Postfest V, Part II: Summer Carnival
Date: Tue, August 09, 2005
Topic: Peoples & Culture
Come one! Come all! Summer Carnival beckons! And it is three events in one. A true carnival. A mercantile fair. And a grand tourney. Greatly anticipated by all classes, the Summer Carnival offers something for practically every taste.
By: Glenn Vincent Dammerung, aka GVDammerung
Used with Permission. Do not repost without obtaining prior permission from the author.
Date: 1st-5th Wealsun/1st-5thGoodmonth
Location: Flanaess wide
Summer Carnival is something of a misnomer. While there is a carnival atmosphere with much masking and costumery, dancing and the like, most Summer Carnivals coincide with the greatest merchant or trade fairs of the year to be held in a particular area, as well as with a grand tourney. Summer Carnival is then three events in one. It is a carnival. It is a mercantile faire. It is a tourney. For good reason then, Summer Carnival is greatly anticipated by all classes. Most significant urban centers will see but three trade fairs in a year - Summer Carnival, Richfest and Brewfest. The usual dates for Summer Carnival are a month before or after Richfest, although this can further vary by up to a month in some areas. Richfest is like a grander version of Summer Carnival but with perhaps slightly less mercantile emphasis. Brewfest is the least mercantile.
The carnival atmosphere of Summer Carnival is characterized principally by masked and costumed dances, and feasting, usually accompanied by fireworks at the end of an evening. Such fetes will more often open than close the Summer Carnival. Of course, the classes will be largely kept separate, although nobles have been known to “go slumming,” protected beneath a mask.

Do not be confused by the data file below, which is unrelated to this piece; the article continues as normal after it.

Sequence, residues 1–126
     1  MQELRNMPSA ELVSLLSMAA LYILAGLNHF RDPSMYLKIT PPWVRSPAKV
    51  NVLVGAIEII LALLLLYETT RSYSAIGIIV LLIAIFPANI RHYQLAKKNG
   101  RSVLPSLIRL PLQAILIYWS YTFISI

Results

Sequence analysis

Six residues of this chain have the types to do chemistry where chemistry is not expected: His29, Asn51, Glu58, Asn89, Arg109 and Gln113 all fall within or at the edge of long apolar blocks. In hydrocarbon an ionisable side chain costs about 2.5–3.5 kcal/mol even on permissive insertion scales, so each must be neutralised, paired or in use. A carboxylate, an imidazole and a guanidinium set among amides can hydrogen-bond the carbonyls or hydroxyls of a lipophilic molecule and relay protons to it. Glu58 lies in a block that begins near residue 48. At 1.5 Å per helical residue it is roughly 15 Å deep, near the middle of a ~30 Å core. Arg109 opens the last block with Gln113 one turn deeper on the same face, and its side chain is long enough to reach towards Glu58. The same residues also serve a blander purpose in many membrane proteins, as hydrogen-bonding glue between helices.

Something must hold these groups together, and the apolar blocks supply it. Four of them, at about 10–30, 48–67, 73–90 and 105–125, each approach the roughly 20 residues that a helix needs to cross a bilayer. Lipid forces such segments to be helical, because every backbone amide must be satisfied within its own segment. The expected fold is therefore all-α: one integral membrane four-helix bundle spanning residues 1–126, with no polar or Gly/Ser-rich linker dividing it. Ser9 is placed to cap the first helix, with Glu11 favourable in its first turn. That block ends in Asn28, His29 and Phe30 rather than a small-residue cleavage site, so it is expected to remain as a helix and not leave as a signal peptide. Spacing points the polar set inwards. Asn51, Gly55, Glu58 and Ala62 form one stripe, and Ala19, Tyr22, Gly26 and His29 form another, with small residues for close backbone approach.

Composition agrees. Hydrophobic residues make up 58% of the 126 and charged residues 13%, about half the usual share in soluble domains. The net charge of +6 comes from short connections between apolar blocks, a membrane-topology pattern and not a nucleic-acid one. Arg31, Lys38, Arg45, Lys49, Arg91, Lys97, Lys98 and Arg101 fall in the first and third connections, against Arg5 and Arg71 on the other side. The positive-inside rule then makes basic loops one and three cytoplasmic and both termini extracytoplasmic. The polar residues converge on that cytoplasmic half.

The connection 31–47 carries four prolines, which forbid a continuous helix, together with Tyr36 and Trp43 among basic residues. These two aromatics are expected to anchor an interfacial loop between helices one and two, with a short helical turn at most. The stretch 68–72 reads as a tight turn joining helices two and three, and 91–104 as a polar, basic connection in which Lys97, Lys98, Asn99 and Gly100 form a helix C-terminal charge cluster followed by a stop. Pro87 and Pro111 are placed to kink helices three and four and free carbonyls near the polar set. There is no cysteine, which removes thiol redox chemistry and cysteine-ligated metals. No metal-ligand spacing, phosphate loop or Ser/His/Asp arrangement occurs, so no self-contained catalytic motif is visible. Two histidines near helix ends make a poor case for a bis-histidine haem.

The greatest activity at Summer Carnival is, however, the mercantile or trade faire. Merchants, peddlers and traders of all sorts will converge on cities hosting Summer Carnivals, where they will set up shop alongside local merchants. Such trade fairs are one of the few opportunities many will have to purchase unusual goods, manufactures or luxuries not otherwise available locally. Shopkeepers will meanwhile arrange bulk purchases or sales for the year. Freemen farmers will bring in livestock, while freemen and tenant farmers will bring in produce, in the latter case usually early ripening vegetables from their cottage garden plots, fruit, berries or preserves to sell for additional income. The judging of livestock and produce is a much-anticipated annual event.
Summer Carnival is also often the site of a grand tourney. Jousting and a melee will generally be open only to noble participants, although an unknown of apparently sufficient quality may be able to enter, either being sponsored by a local noble or by accepting designation as a “black knight,” who may yet have to prove his quality on the field in a preliminary of some sort before being properly admitted to the lists. Tourneys are sponsored by the host of the Summer Carnival and provide an excuse for the nobility to attend a predominantly mercantile affair that might otherwise be seen as “beneath” their station. Archery competitions will be open to all. The conclusion of the grand tourney will usually close the Summer Carnival.